When Robert F. McDermott, NU Class of 1941, became the first dean of the U.S. Air Force Academy, he took some lessons from Alden Partridge’s playbook. General McDermott created the first service academy program that blended military training with the “whole person” concept. Like Norwich founder Captain Partridge, General McDermott emerged as a pioneer in higher and military education.
After studying at Norwich, McDermott entered the U.S. Military Academy at West Point and graduated in 1943. He served in the Army Air Force during WWII, flying 61 combat missions as a P-38 fighter pilot and received the Bronze Star, the Air Medal with five oak leaf clusters, the European Theater of Operations Ribbon with six battle stars, as well as the Distinguished Service Medal and the Legion of Merit.
In 1954 McDermott joined the staff of the newly established U.S. Air Force Academy. President Eisenhower appointed General McDermott as the first permanent professor of the Academy in 1957 and as the first dean of faculty in 1959. The promotion to brigadier general that accompanied his appointment made McDermott the youngest general or flag officer on active duty at that time. It also gave him the military equivalent of tenure and the power to challenge traditions in military education.
Among his first steps, McDermott instituted a comprehensive curriculum enrichment program designed to challenge cadets to advance as far and as fast as they could based on their aptitudes, interests, and prior preparation.
McDermott also wanted to change the science and engineering courses required at other service academies, many of which he was forced to retake after leaving Norwich for West Point. As a result, he introduced about 30 academic majors to the Air Force Academy, bringing a degree of flexibility to curriculum requirements.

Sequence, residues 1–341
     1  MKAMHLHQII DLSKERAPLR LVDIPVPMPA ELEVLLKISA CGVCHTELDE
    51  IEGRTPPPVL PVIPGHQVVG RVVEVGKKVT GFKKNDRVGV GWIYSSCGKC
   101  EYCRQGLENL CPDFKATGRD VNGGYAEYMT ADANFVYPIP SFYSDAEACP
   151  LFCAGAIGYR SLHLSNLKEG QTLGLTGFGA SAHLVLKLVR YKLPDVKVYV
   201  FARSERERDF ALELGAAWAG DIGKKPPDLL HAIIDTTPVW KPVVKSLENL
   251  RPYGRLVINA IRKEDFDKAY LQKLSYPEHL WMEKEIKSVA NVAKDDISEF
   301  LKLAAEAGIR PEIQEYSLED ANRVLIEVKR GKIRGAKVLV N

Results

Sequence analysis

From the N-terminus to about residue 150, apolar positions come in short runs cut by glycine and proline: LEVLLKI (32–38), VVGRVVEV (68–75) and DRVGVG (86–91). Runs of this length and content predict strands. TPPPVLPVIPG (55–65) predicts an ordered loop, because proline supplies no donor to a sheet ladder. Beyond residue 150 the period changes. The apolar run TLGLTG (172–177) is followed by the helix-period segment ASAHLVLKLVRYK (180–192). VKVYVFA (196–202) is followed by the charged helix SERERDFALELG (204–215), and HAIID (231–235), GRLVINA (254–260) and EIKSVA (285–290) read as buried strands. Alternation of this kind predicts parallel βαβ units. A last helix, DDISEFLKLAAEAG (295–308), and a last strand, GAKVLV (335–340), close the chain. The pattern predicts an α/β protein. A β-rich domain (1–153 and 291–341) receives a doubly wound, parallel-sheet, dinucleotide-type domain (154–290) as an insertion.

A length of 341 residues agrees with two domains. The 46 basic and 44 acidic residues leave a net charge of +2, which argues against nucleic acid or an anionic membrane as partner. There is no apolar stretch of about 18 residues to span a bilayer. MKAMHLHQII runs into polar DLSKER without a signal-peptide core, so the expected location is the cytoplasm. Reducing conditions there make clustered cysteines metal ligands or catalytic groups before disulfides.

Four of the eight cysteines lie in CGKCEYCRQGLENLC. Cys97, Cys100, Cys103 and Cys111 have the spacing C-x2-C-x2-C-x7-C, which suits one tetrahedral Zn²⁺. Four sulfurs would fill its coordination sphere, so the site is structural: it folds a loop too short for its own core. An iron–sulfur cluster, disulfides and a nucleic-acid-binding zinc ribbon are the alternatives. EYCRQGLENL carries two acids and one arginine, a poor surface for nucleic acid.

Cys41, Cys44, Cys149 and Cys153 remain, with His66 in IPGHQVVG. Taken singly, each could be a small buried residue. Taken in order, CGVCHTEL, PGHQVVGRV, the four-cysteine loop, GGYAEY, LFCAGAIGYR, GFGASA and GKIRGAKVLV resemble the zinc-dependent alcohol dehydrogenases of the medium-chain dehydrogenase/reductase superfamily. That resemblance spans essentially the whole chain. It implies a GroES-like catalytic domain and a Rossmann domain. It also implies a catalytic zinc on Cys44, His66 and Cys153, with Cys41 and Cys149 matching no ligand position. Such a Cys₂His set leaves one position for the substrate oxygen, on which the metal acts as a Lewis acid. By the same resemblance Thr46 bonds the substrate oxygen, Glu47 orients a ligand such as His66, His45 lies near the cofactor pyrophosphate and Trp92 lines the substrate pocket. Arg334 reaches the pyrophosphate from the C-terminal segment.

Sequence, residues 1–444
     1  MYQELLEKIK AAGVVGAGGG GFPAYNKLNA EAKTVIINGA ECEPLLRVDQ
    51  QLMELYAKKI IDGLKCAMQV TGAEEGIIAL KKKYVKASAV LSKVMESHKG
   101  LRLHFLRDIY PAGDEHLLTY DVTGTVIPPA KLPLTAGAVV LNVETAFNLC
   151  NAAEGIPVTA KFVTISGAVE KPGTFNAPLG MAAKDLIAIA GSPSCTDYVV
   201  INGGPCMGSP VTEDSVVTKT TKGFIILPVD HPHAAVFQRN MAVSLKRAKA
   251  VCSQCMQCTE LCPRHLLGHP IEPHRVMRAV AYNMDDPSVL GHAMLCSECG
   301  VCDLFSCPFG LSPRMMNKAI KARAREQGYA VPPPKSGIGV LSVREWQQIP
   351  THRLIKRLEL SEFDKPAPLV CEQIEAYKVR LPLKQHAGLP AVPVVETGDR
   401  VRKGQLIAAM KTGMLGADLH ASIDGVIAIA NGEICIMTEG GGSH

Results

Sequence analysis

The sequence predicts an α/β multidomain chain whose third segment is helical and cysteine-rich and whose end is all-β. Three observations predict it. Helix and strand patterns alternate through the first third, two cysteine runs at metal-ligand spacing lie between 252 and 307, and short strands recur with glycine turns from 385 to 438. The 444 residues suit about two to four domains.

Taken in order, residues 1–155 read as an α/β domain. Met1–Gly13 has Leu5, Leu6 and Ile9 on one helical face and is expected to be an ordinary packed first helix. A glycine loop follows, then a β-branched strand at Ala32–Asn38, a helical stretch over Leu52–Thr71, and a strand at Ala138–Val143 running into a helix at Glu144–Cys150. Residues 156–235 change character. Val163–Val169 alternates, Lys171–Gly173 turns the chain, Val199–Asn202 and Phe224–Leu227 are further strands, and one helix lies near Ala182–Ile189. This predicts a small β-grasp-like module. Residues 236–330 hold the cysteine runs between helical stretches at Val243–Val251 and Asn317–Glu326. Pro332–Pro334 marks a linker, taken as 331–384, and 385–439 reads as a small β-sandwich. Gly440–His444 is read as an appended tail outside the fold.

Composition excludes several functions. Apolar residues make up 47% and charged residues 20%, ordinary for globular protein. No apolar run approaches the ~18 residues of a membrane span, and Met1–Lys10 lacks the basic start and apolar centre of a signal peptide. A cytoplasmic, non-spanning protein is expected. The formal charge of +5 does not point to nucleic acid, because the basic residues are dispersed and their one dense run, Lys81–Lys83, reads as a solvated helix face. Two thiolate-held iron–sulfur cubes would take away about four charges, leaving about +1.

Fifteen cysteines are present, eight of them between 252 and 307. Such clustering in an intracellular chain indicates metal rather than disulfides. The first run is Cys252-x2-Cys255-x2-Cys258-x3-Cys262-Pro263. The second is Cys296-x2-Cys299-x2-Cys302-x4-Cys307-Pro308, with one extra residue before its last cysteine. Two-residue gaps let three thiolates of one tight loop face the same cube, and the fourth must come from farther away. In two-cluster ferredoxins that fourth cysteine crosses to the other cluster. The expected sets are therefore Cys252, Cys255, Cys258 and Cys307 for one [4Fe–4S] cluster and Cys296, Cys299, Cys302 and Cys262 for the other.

In another service academy first, McDermott introduced the concept of selecting candidates based on moral and leadership attributes, as well as physical and mental qualifications.
Brig. Gen. McDermott faced strong objections among traditionalists at the start. However application rates to the Air Force Academy quickly grew and soon surpassed those for West Point or the U.S. Naval Academy. Over time, this led the other service academies to follow Brig. Gen. McDermott’s curriculum example.
McDermott also wrote books on finance for service personnel, which attracted the attention of Charles Cheever, the president of the USAA insurance company. In 1968, McDermott retired from the Air Force and moved to San Antonio to become USAA’s chief executive officer. Under his leadership, USAA grew from the 16th to the 5th largest insurer of private automobiles in the nation and the 4th largest home insurer.
As in his role as an educator, Brig. Gen. McDermott developed a reputation as a maverick in the insurance business. He advocated for air bags as a crucial safety measure despite the objections of auto manufacturers, who claimed they were too costly. He hired minorities and equalized wages. He established four-day workweeks and made employee child care a feature to attract working mothers.
Brig. Gen. McDermott also played a leading role in the economic development of San Antonio. In the mid-1990s, he led an investor group that bought the San Antonio Spurs basketball franchise. In a controversial move, he hired Gregg Popovich to be the club’s coach and general manager. Popovich had limited experience, however Brig. Gen. McDermott was impressed by his character, military record, and leadership qualities. General McDermott’s faith in Popovich’s leadership abilities has paid off. In February 2015, Popovich became the ninth coach in NBA history to win 1,000 games.
Brig. Gen. McDermott died in August 2006 at the age of 86. Paul Ringenbach, a retired Air Force colonel and USAA executive, who wrote a biography of his boss said, “General McDermott fought traditional ways of doing things and thinking about things and opened doors to something different. He made significant changes wherever he went.”